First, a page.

On Wed, Sep 21, 2016 at 2:59 AM, Phineas Gage <phineas...@gmail.com> wrote:
> I have two questions about using fq_codel on an edge router when the
> Internet uplink is through point-to-point WiFi:
>
> Question #1: Is it still effective to run fq_codel on our edge router when I
> have a WiFi uplink to the Internet, instead of a cabled connection like
> ADSL? And related to that, is a high quality point-to-point WiFi connection
> indistinguishable from a cabled connection as far as fq_codel is concerned?

It has, until recent developments, been helpful but not as effective
as we'd like.

We have two sets of code in the process of being finalized that should
work better
for a reasonably fast wifi uplink.

blog.cerowrt.org/post/fq_codel_on_ath10k/

https://blog.tohojo.dk/2016/06/fixing-the-wifi-performance-anomaly-on-ath9k.html

Ideally you want to be able to run it on both sides.


> Question #2: Assuming the answer to Question #1 is an overall "yes", is it
> then better to have a guaranteed speed from the ISP, instead of having a
> variable but potentially higher speed, so that I can control the queue and
> have fq_codel and HTB prioritization work effectively?
>
> Background: I manage the network for a camp / conference center that
> supports up to about 120 users (5-10 simultaneous, at times). For Internet,
> we've been using ADSL with 5 Mbit download, 0.4 Mbit upload (remote area, so
> it’s slow). The only thing that keeps it usable is running fq_codel on a
> transparent Linux bridge that sits between the LAN and ADSL modem. On this
> bridge, I restrict the upload and download rate to about 85-90% of maximum,
> and use fq_codel, plus some HTB prioritization rules. It’s extremely
> effective at providing usable latency, so kudos to the fq_codel algorithm
> and implementation. It looks like this:
>
> LAN <=> Linux bridge with fq_codel <=> ADSL Modem 0.4 / 5.0 Mbps <=> DSLAM …
>
> But now, we have a chance to improve our throughput problem by switching to
> a point-to-point WiFi uplink that could hit speeds of 30-40 Mbit symmetric
> (more on the speeds later). We have to decide on starting a contract with
> them. At the same time, I’ll be switching the bridge to a Ubiquiti
> EdgeRouter X, which has fq_codel in its kernel, but should have the same
> effect. It would look something like:
>
> LAN <=> Ubiquiti EdgeRouter X <=> WiFi Client (Mikrotik 802.11n MIMO 2x2)
> <=> WiFi AP from ISP …
>
> We already have a test setup in place. The link rate to the ISP's AP, as
> reported by Mikrotik's admin console, is currently 86.6 Mbps transmit and
> 144.4 Mbps receive, with CCQ (connection quality) at 64% transmit / 99%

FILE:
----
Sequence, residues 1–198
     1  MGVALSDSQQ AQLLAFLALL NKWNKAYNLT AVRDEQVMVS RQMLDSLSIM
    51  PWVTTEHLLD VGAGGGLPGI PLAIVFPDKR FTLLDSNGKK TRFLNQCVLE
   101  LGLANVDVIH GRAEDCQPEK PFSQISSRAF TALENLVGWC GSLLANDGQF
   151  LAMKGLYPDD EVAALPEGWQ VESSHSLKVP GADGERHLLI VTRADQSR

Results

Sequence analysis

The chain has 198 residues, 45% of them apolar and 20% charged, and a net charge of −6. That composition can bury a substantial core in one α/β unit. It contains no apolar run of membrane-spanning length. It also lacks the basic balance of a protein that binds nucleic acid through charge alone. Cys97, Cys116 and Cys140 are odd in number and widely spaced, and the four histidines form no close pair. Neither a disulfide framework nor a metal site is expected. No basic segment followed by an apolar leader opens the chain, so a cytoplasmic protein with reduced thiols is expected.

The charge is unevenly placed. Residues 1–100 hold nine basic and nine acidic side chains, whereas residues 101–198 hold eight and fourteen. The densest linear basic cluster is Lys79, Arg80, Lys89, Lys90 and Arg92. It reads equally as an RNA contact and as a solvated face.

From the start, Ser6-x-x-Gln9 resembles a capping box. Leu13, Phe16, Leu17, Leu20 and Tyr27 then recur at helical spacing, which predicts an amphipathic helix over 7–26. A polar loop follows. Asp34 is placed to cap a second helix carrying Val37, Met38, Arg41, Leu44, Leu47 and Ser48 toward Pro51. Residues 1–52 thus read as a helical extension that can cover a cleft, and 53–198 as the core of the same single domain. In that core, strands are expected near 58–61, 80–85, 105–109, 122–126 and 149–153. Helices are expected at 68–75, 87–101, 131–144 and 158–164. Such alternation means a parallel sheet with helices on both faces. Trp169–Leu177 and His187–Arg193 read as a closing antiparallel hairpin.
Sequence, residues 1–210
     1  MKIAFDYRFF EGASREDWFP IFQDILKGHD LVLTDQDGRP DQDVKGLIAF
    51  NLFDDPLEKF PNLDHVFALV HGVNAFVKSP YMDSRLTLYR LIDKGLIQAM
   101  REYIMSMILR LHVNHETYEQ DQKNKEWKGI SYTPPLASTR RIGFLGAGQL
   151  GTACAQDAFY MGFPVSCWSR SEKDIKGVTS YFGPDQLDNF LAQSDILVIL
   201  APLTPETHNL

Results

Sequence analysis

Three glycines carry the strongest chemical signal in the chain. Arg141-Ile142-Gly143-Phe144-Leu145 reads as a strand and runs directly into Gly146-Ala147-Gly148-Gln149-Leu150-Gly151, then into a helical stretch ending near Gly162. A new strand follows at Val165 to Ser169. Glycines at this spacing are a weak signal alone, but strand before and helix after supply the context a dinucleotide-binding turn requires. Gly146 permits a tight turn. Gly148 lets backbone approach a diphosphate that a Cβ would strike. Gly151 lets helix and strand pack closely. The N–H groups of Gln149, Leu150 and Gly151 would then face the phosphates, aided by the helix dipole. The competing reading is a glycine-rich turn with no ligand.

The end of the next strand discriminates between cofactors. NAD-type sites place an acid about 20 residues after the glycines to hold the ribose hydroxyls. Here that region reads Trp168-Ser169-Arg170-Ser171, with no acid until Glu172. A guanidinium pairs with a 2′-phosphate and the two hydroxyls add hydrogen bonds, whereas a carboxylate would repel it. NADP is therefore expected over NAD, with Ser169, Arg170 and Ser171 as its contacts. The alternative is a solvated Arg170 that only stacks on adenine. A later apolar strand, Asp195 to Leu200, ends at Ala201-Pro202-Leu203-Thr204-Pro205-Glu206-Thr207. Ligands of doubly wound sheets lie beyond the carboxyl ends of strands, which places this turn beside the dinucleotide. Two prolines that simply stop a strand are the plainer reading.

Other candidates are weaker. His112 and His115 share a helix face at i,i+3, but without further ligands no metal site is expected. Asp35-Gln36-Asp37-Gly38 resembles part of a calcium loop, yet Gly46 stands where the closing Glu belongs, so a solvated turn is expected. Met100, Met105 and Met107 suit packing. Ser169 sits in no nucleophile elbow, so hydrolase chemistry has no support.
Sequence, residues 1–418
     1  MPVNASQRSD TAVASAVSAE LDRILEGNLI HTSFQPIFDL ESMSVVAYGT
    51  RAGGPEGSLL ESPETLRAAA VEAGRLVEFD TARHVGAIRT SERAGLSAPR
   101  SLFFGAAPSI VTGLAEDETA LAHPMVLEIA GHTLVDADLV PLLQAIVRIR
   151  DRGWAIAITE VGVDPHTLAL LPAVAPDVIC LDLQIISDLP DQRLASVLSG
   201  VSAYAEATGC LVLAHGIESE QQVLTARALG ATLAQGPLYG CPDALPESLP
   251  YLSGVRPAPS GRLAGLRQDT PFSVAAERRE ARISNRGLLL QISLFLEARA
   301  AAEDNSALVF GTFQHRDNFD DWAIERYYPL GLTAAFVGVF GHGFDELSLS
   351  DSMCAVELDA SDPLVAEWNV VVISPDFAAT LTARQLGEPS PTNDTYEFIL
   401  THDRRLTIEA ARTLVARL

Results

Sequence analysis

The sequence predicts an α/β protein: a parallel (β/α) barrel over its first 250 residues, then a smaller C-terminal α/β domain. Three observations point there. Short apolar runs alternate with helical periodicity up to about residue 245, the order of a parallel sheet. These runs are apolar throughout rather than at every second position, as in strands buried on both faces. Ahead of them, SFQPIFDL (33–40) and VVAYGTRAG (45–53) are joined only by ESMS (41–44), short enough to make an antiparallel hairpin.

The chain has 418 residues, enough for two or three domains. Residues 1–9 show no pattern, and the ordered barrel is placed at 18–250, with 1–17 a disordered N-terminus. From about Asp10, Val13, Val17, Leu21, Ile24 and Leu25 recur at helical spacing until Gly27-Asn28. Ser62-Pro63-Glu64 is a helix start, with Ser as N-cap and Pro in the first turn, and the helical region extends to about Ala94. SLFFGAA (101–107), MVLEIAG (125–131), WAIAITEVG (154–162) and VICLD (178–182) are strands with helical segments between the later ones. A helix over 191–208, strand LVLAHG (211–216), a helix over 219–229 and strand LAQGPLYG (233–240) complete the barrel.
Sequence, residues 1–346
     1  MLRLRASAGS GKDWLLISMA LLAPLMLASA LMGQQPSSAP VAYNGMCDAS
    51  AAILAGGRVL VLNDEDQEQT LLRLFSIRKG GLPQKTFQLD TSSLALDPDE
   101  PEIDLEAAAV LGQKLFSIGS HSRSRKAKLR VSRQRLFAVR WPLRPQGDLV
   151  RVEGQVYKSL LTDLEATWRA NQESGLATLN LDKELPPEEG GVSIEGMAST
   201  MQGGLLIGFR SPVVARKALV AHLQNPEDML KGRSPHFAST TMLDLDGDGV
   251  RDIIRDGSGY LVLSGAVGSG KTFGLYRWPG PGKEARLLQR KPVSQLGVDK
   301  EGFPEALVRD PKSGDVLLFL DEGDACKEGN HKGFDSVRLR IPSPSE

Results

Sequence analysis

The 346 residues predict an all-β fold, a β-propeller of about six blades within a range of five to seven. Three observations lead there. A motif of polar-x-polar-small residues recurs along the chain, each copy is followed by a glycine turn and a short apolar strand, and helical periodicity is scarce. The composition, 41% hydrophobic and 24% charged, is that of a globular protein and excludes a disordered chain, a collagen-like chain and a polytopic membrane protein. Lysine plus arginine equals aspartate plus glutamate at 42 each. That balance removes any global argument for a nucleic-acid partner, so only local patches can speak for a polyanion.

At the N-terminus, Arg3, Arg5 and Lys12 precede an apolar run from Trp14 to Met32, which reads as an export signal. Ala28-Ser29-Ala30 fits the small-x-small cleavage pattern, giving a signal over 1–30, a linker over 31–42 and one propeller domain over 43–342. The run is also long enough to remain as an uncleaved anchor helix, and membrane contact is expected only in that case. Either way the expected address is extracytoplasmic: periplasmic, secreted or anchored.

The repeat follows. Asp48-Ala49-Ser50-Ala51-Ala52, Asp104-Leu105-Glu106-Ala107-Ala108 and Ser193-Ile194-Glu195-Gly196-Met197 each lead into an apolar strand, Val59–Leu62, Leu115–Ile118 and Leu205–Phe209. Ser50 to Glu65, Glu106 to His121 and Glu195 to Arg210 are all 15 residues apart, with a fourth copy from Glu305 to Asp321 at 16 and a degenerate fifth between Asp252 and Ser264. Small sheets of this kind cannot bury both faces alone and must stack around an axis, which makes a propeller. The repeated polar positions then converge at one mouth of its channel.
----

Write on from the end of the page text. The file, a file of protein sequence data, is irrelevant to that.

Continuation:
> receive. First of all, I'll try to have them get that transmit CCQ up to 99%
> like the receive, to make sure it's a stable link. But I also know that the
> actual Internet throughput will be less than the link rates, and
> speedtest.net results are currently around 30-40 Mbps symmetric.

regrettably no matter how "constant" your provider claims to hold the
connection, in case of bad weather, especially, it is unlikely they
can do so.

>
> Moreover, it's WiFi, and that led to my Question #1. I know that latency and
> throughput can vary, and that there are more queues and more things
> happening with packet aggregation, etc that I don’t understand. Can this
> aspect of the variable latency, throughput and packet transmission
> characteristics of WiFi make fq_codel less effective when used in this way
> on an intermediate bridge or edge router, or does it more depend on the
> quality of the WiFi link, where a high quality point-to-point WiFi uplink to
> a good upstream network (there’s another unknown) is indistinguishable from
> a cabled connection?

Ideally the algorithm should run very close to the wifi mac layer as
per the urls I sent earlier.

>
> My Question #2 came from the fact that I have two options from the ISP:
>
> Option A: We can choose a maximum of 40/40 Mbit with 1:5 aggregation,
> meaning we could get 40 Mbit, but we could also get a lot less at times (8
> Mbit I assume), depending on other network load.
>
> Option B: We can get a guaranteed bandwidth, but it costs more, so the
> maximum throughput we can pay for would be less. We would probably choose
> around 6/6 Mbit off-season, and 20/20 Mbit on-season, as the camp is a
> seasonal business.
>
> My feeling, assuming that the answer to Question #1 is "yes" and I can
> effectively use fq_codel with WiFi at all, is to go with Option B, the
> guaranteed bandwidth. That way, I could set fq_codel to a little less than
> this bandwidth, and hopefully manage buffer bloat and do HTB prioritization
> in the same way I do now. But it depends on the answers to my two questions,
> is fq_codel still effective when using a WiFi uplink in general, and if so,
> is it better to go with a guaranteed bandwidth.

Lacking control of both sides, I would go for the garunteed bandwidth
and try to control it on the ethernet router, or with control of one
side, rate limit inbound as per what you said and let outbound float
(when the new code lands)


>
> Thanks for any thoughts on this.
>
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>



-- 
Dave Täht
Let's go make home routers and wifi faster! With better software!
http://blog.cerowrt.org
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